The first economic issue since the American election that caught the attention is the first issue to measure what “change” is about. I first wondered if I sensed an attitude which, given the promise and expectations, looks almost defeatist: risk management. Obama has expressed that he wishes the Big Three to be saved.
I guess his motivation is based on the impact the disappearance of the American-owned automobile industry would have on the people whose livelihood is directly linked, estimated to be 3 million, rather than on any amount of faith in the ability of the industry’s managers to turn things around. Does this mean that Obama is in principle willing to spend a lot more to keep them going? It’s widely accepted that a multiple of the amounts currently discussed would be required to ensure their survival.
The size of the Big Three automakers and its dependant economy was grown and maintained by another debt cycle. Car companies created or joined with financing bodies and engaged in lending practices similar to the sub-prime markets to keep the demand going: selling cars to people who could not really afford them by offering risky, high-interest loans. Now, with the trickle of money dwindling, this business model is not sustainable. Not surprisingly the car markers presented the common strategy to adjust when prompted by the US Congress: efficiency improvements and product modernisation. Only, wasn’t that what they’ve tried in the past? Why would anybody trust them to achieve it now in an even tougher environment?
Surely Obama must understand that. Still, he thinks they should be saved? Paul Krugman offers some insight: he thinks the currently discussed package should be approved, giving time to figure out what do with this industry. That sounds all very reasonable, but only makes sense if there really is something that can be done to maintain the industry.
I really didn’t expect that any proposal from the car executives would offer a solution, because they are neither capable nor positioned to make systemic changes. As far as the US auto industry is concerned, business as usual is over. They can lament the unfortunate circumstances all they want, but investment in the old vision would at best allow them to play catch up with their more successful competition. The best vision they could come up with was “me too”: they too can now produce hybrids. They cannot see beyond to the next transformational step and therefore will lose that race as well.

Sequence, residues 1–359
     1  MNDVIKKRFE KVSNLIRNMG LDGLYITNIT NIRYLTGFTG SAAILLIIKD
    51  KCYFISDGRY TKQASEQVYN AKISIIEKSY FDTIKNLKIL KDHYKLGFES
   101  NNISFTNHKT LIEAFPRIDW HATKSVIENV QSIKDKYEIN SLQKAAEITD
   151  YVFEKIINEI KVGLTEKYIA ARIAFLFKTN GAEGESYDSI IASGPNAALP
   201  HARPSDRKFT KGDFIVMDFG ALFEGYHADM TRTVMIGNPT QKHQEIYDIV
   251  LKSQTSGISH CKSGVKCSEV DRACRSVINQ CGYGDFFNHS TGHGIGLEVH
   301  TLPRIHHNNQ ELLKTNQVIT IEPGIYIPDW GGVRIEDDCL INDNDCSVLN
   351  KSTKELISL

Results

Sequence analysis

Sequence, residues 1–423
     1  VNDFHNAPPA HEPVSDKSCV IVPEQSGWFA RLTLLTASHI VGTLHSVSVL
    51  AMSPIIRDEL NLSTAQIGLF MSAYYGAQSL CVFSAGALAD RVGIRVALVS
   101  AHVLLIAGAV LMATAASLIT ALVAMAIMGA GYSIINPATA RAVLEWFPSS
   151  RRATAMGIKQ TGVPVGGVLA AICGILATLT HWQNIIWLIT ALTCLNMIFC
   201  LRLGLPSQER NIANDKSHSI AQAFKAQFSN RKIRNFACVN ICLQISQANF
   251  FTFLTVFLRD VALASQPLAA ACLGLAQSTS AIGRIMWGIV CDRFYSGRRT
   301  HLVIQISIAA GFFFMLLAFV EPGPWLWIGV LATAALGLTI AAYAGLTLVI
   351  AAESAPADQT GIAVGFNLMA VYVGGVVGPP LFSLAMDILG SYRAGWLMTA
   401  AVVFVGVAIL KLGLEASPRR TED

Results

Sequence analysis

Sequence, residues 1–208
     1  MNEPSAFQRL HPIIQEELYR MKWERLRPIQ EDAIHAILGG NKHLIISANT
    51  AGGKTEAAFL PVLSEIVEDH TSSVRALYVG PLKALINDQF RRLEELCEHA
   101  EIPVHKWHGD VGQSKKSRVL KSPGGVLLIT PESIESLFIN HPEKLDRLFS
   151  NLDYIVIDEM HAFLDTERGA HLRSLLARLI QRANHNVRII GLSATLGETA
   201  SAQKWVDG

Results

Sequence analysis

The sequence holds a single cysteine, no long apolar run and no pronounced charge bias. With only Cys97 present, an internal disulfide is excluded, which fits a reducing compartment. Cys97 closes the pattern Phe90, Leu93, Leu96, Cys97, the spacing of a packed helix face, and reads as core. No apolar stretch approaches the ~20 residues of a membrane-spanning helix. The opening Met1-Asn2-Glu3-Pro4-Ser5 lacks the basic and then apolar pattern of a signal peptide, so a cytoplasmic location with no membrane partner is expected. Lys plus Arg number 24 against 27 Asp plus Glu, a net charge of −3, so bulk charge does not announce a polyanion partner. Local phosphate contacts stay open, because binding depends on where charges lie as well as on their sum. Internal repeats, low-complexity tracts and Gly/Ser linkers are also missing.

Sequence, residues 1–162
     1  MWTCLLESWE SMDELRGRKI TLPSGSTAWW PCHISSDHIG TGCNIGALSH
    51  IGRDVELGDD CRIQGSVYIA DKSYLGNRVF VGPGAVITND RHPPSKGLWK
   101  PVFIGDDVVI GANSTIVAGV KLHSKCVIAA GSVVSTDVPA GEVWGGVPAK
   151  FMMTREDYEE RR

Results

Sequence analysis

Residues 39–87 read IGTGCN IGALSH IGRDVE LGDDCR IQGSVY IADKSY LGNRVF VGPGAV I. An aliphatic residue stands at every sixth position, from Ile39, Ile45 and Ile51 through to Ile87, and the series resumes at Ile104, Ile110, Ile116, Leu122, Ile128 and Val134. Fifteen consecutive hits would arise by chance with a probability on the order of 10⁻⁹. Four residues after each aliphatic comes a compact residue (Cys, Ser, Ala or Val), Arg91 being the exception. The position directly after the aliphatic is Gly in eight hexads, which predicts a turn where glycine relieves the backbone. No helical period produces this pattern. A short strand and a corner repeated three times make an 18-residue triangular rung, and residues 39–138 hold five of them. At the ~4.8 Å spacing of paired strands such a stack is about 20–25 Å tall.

So what for should we keep them going? Obama hasn’t said yet, but he will have to answer. So meanwhile, I am looking for my own answer. To just keep the industry going could cost in the region of $100 billion per year (they ask now for something around 25 and experts estimate that’ll last 3 months). This changes the question to “What should be done with the money?”.
My answer: Transform large scale personal transportation.
Car companies sell us a transportation ideology. It’s personal: I own my car, allowing me to go where I want to go and when I want to go. It’s individual: hundreds of models to choose from, equipped with mod-cons making it the mobile room of my home. Driving even offers social, yet anonymous experience: I let you join my lane. I can overtake you. Yet, I never have to know you.
Now the vision has started to pale: an hour in chockablock traffic to do 20 miles trying to get to the office on time; feeling guilty knowing that you’re puffing pollutants into the atmosphere; paying through your nose for taxes, rising maintenance costs and being yo-yoed by the oil price. To top it all, it can actually be quite dangerous. The longer we continue with this philosophy of transportation, the negatives will get worse. A good time to rethink the issue.
Classical solutions to mass transportation (buses, trains, etc.) work well enough in urban and suburban areas, but they are very limited in their ability to fulfil personal requirements, hence the success of cars. Thankfully, there is a way to combine the two. The proponents of RUF (Rapid Urban Flexible) envision a system where we still own cars, but cars with the ability to join together to build small train-like units that then can travel on fast rail-like “guideways”. The advantages that this system provides are overwhelming. The car becomes your transportation unit. You still own one and you can accessorise it to your liking. Where co-ordinated mass transportation is not efficient, it allows you simply to drive. But whenever you join real traffic, you connect to other units forming a train and being guided efficiently close to your destination. There you leave the guideway and drive your car the remaining way.
The system requires a lot of new stuff! Cars will have to have the ability to be “guided”, completely controlled by automatic means, while also providing those controls to the driver. For “train rides” an electric motor is needed – not far off a hybrid. Guideways have to be built and then, the probably hardest part of it all, creating the physical controls and guidance software that ensures the system is efficient and safe.
It would be really cool though! You drive yourself where it’s fun: where there is no or little traffic. But in traffic, where it’s boring to drive, you hand over controls. Read email, watch news, last night’s soap episode, have a coffee, chat with a friend, work even if you must. Meanwhile, you no longer pollute, your car battery gets charged and you’re quicker to boot!
To realise this vision requires government-scale investment and strategic policies, that and a large-scale industry starved for something to do. So how big do you want your change to be, Mr. Obama?